Donald J. "Ace" Coyle  
Thursday, October 9, 2003

Patenaude/ Webster
So I've Heard Column

"Ace" is one of those appealing little terms that describes an expert in some activity.
Donald J. Coyle developed as an "ace" basketball and baseball player at the former St. Louis High School in Webster during the late 1940s and he carried the accolade through life with humor, humility and, most often, with a friendly smile.
Mr. Coyle, who died Oct. 2, was a sports missionary, leading semi-pro teams as a player and business sponsor, and through decades of one on one discussions.
"Ace" Coyle was a devoted husband and father, the guy that never stopped playing basketball, a hard working businessman, and probably the greatest athlete that ever came off Webster's May Street Playground.
Donald J. Coyle will be remembered by different people in different ways. While my recollections are from the panorama to his life, with all of his athletic accomplishments, they dilute to the deep and abiding faith that sustained "Ace" Coyle through his time on earth.
The new Webster Lake signs on Routes 12 and 193 are a visual improvement on the ones they replaced but, ouch, they're an "o" and a "h" heavy and a "u" and an "n" short.
Several people commented about the signs since they went up a few weeks ago, but Barry Thompson was the first to report the misspelling. Mr. Thompson is one of those rare persons that can take a blank sheet of paper and write the lake's 45 letter name-- Chargoggagoggmanchauggagoggchaubunagungamaugg--in seconds.
He did it for me twice last week. Once as generally accepted, and then with "o" displacing "u" at the 20th letter and "h" instead of "n" at 38 on the count. Mr. Thompsom examined the Route 12 sign only but a visual check of the "Welcome to Webster" marker on 193 also projects the misspelling.
Well, the numbers are correct. The last time Webster Lake sign painters flunked Native American spelling, they added a "chog," pushing the lake letter count to an unprecedented 49.
The last I heard of Nancy Paradis, she was with a program that paired nursing and music. It had something to do with tempo therapy.
Her musical component was a success but Ms. Paradis left instrumental tones to others, her mother, F. Myrtle Burns-Paradis, said last week. "She's now an LPN at an AIDS medical clinic in Jersey City."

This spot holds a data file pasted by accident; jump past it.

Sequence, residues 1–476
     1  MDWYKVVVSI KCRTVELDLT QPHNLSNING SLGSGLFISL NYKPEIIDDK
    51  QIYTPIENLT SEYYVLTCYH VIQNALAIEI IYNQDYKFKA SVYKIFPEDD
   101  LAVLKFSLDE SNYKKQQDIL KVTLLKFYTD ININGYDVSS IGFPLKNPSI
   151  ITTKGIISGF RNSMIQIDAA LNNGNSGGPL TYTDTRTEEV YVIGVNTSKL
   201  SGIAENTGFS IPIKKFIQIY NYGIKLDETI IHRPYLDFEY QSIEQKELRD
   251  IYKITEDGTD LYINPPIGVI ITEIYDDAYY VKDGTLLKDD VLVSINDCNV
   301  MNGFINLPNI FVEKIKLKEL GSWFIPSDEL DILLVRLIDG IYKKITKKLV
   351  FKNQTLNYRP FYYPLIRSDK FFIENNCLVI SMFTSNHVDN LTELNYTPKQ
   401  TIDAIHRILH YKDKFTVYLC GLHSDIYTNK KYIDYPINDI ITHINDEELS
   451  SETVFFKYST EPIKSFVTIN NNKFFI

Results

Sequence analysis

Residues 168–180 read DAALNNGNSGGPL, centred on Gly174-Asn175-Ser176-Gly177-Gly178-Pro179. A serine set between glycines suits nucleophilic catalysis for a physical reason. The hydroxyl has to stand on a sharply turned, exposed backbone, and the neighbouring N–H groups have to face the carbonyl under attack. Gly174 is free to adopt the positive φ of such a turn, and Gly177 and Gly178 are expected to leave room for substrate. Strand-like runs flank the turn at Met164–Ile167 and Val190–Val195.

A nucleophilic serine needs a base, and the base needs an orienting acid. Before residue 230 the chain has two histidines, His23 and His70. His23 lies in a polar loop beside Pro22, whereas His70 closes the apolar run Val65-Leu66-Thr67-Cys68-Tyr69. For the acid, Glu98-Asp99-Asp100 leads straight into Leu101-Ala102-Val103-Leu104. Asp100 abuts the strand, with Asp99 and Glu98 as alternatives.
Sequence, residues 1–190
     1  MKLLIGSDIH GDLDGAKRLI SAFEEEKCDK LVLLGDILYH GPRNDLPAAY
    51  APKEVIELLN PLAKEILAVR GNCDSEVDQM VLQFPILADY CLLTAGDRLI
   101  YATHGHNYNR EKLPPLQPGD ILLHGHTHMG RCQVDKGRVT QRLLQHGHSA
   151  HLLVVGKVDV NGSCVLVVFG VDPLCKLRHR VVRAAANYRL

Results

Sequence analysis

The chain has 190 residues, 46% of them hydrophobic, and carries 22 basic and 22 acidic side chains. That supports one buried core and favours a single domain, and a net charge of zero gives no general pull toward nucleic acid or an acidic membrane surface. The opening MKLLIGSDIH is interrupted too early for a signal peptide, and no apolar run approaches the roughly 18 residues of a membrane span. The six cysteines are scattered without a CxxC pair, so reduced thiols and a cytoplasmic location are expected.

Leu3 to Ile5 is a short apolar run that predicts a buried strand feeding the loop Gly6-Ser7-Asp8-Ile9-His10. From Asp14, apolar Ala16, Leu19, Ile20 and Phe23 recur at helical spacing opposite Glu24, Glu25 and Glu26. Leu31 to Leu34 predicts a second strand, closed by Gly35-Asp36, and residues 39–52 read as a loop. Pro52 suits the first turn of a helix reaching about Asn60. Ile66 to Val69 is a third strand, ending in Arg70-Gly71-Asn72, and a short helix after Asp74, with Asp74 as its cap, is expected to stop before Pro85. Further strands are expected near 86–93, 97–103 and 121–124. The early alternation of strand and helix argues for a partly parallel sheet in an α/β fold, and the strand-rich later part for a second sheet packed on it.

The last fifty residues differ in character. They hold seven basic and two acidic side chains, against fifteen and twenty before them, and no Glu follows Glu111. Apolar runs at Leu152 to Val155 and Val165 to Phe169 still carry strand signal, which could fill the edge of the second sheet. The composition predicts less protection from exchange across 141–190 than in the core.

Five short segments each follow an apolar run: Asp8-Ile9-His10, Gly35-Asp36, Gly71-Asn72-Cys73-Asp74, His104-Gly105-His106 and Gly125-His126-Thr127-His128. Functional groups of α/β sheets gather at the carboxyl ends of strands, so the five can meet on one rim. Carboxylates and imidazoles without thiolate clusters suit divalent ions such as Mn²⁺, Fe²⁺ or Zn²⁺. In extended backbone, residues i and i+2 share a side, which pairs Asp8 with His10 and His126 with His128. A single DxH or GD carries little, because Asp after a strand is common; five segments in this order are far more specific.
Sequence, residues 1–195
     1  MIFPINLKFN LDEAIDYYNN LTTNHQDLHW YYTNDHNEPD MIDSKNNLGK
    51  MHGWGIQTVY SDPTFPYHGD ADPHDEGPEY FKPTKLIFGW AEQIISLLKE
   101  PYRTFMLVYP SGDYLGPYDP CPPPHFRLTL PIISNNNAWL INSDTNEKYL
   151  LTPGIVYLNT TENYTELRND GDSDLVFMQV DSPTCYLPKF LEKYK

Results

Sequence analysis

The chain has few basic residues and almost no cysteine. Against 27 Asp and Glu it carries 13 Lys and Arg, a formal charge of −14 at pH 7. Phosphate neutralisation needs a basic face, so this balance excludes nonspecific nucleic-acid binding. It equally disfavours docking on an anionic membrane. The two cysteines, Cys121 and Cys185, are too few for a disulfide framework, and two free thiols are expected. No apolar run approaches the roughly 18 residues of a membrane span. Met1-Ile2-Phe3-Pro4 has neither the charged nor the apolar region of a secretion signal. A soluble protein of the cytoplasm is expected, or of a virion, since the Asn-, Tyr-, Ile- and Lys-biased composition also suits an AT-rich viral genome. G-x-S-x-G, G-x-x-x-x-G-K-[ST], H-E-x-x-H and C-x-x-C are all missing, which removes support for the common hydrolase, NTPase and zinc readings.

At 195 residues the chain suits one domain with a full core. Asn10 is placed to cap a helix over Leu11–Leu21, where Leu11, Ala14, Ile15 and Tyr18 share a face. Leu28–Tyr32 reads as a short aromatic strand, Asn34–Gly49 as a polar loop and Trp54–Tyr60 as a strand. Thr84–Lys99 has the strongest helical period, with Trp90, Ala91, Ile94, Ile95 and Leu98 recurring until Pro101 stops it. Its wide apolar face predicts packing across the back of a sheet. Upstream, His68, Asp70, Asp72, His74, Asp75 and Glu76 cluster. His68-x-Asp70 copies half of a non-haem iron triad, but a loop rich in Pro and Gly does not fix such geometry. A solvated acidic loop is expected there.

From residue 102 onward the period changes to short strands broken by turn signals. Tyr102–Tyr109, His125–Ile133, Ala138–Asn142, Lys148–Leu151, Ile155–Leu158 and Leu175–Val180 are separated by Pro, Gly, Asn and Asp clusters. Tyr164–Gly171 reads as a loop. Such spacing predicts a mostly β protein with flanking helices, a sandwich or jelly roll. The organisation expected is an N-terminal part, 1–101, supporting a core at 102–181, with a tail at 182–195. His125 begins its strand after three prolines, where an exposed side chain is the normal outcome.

A New Jersey medical association sent a group of volunteers, including Ms. Paradis, to Africa recently to introduce the latest in clinical AIDS services, according to Mrs. Paradis. "They were there for three weeks. Nancy was in Uganda." She added, "I'm so proud of this."
Arthur "Chick" Pappas, long time owner of the former Big Apple fruits store, was in a town supermarket the other day, selecting plums, peaches, and nectarines.
I watched, searching for hints. Mr. Pappas made his selections by eye, finally balancing each part to his purchase. He noticed my interest: "Heft to size is what's important." Smiling, he added, "That's weight in case you don't know fruit talk."
Mr. Pappas' long time fruits store on Lake Street is now the site of a Golden Greek Restaurant.
A state building inspector visited Webster's School Street School in the fall of 1960, about a year before the building was closed.
School standards were marginal but patch and match was allowed because a school replacement project on Park Avenue was on schedule. Still, there was a problem that couldn't be overlooked. The front stairs had to replaced.
The school administration wanted to renew the decaying treads with similar ones. It was a matter of code or something, but the new stairs had to be substantial, and the inspector insisted on state standards. So the old school, vacated in September 1961, got some neat concrete steps.
The wood-frame school was torn down but the steps remained for decades, standing out of the ground until t
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Telegram & Gazette

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